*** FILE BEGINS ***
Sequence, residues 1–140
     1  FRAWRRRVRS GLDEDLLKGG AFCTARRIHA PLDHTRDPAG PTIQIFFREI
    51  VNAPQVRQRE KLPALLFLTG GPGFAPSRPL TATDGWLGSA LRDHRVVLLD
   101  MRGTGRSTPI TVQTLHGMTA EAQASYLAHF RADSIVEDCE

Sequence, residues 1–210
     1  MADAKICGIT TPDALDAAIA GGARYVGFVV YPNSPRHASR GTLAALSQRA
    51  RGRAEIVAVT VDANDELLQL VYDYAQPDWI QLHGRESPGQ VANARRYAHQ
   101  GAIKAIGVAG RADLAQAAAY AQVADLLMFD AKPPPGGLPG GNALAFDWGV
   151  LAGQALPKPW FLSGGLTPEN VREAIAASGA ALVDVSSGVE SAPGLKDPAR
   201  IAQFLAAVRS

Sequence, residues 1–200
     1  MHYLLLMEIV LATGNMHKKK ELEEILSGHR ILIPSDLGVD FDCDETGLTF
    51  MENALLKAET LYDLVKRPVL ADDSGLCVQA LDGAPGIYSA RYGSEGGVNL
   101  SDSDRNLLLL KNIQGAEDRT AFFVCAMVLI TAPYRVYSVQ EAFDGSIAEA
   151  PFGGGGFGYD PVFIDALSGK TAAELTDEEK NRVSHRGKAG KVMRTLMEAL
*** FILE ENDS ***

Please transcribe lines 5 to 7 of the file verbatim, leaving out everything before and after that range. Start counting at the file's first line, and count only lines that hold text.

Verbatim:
Sequence, residues 1–210
     1  MADAKICGIT TPDALDAAIA GGARYVGFVV YPNSPRHASR GTLAALSQRA
    51  RGRAEIVAVT VDANDELLQL VYDYAQPDWI QLHGRESPGQ VANARRYAHQ